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Behold the Village Cows
“I never saw a purple cow
I never hope to see one
But I can tell you anyhow
I’d rather see than be one”
This funny little ditty was written by Gelett Burgess in 1895 and first appeared in his magazine. It is now considered public domain free for all.
No, I’ve never seen a purple cow, but I was well acquainted with the village cows who lived with many of the village residents in my childhood days. We knew their names and were aware of the differing dispositions of those milk givers. Some were gentle, some were not. Let me introduce you to a few of them.
A pair that I recall were Ruby and Daisy who were mother and daughter. Ruby despised kids and would seriously chase them out of her sight. On the other hand her daughter, Daisy, was very gentle, but refused to be weaned and still wanted to nurse even when she was as big as her mom.This was a problem. A muzzle worked temporarily, but the nursing resumed once it was removed. Daisy had to leave her mother and live elsewhere. I hoped she was happy wherever that was.
Another village cow was Floss who had no pasture so was staked out to graze the grassy areas along the village streets. She was very patient with the gang of kids who liked to share time with her. She would lie quietly in a shady spot chewing her cud while kids played all around her. One of them thought it would be fun to sit on her back, but Floss decided against that so she rose, rear end first, and dumped her passenger off as she stood up. Lesson learned.
Another village cow belonged to an elderly lady who staked her out along other streets. Mischievous town boys liked to move the cow to other areas, so the lady had to search for her each evening. No, that was not funny.
Old Jerz was taken out to pasture each morning after the morning milking, then walked back to the barn in town for the evening milking. She was a common sight walking along unrestrained with Danny following. She knew the way and the dairy food that awaited so never once felt like altering her route and frolic away. It was just steady steps each way. Good girl.
Our cow was a gentle little jersey with fashionable curved horns. She provided rich milk which filled the milk bucket twice each day when she was “fresh”. She enjoyed a portion of dairy feed and some hay while someone sat on a T shaped milking stool and made the milk splash into the milk bucket. Foam formed on the top which was poured into the barn cats’ pan before being taken into the kitchen where it was strained into crocks. Some filled glass bottles to be sold to neighbors who had no cow. I think it was 15 cents for a quart, 10 cents for a pint. Kids delivered it to front porches and received a few cents each week for doing a good job. I remember a customer who had a sassy little black dog that brought out dread in me of an encounter with her. One dark evening I quietly approached the front porch when a waft of wind blew the vines at the end of it causing me to scream….and then here came Blackie! EEEEEKKK! What’s that old saying about a coward dies a thousand deaths……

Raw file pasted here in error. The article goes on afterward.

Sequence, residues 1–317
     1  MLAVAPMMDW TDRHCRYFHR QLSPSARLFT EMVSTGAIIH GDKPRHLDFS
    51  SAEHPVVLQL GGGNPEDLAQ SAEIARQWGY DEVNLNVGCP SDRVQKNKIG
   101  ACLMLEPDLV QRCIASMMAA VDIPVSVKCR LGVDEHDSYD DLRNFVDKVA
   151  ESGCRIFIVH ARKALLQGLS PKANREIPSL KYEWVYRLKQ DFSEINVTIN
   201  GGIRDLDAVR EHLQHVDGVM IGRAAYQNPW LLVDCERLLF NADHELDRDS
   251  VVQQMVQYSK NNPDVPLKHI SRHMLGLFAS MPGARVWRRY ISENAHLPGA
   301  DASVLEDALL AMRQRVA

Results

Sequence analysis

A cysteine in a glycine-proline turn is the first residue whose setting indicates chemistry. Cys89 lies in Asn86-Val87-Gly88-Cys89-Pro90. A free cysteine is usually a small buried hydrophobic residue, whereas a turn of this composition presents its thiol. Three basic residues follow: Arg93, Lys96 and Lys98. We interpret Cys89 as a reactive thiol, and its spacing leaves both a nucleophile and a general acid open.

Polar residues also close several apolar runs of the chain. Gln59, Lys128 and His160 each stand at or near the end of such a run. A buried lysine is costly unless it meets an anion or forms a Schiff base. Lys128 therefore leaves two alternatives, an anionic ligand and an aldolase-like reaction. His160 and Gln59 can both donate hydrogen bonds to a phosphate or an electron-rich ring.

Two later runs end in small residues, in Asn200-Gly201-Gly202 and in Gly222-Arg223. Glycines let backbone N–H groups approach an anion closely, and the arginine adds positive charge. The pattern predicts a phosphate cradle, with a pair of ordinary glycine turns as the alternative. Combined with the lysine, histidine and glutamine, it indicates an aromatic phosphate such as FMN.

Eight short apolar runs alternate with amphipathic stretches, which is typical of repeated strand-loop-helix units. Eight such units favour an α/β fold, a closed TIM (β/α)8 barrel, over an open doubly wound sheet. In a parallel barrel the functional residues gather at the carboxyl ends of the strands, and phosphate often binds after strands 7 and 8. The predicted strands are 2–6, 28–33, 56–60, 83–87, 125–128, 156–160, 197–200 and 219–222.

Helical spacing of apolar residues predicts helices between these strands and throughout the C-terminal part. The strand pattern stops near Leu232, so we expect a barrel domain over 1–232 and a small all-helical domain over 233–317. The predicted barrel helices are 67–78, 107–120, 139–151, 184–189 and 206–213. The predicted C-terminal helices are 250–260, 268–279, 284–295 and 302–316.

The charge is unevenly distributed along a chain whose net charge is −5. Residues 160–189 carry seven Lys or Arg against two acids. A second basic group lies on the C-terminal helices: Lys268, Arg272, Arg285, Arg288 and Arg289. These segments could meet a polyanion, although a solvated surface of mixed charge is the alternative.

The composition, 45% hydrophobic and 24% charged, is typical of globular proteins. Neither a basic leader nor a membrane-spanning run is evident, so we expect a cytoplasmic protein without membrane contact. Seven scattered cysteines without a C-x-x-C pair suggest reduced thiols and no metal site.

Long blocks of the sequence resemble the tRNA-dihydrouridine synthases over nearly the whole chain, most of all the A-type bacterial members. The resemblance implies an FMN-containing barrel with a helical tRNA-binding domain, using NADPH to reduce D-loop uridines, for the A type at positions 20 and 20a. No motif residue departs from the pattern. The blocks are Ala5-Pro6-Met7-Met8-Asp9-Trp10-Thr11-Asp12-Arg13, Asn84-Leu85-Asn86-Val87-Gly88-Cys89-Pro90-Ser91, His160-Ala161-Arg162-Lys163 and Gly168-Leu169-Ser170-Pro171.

Susie’s pasture mate was Bossy who was not a friendly cow toward children. She shook her head and pawed some dirt if any kid came near. She never hurt anyone because her message was clearly understood so her space was always respected.
Another cow that lived with us briefly was Brownie. She was a large brown Swiss who resented confinement. Her tracks made big holes in the yard when she escaped so she went somewhere else to live that had more room for her.
These are a few of the village cows I recall. Many villagers had at least one milk cow along with a flock of chickens that provided abundant and healthy food for the family meals. The cows provided milk for drinking, cottage cheese, butter, butter milk, sour cream for those chocolate cakes, whipped cream and that clotted cream which was so delicious on the morning oatmeal or a bowl of sweetened blackberries. A regular summer time treat was ice cream for Sunday supper. Also worth mentioning was the fertilizer provided for the vegetable garden. Ahem.
True, I never saw a purple cow, but I did know many others. In some ways those village cows were like the village people. Some were patient, gentle and kind. Others were a little nervous and knew how to put kids in their proper places.
Today those cows have been replaced by larger dairy units with milking machines and the pasteurized and homogenized milk found in the dairy cases at the grocery store. Whipping cream, half and half, butter, cottage cheese and other kinds of cheeses, buttermilk and sour cream are packaged separately. Ice cream is there, too, in all sizes and flavors, so no complaints. I really don’t miss wild onion or grassy flavored milk at all. The memories are all that remain of those village cows and those simple times of long ago. Hmmmm. I think I’ll have a bowl of ice cream now.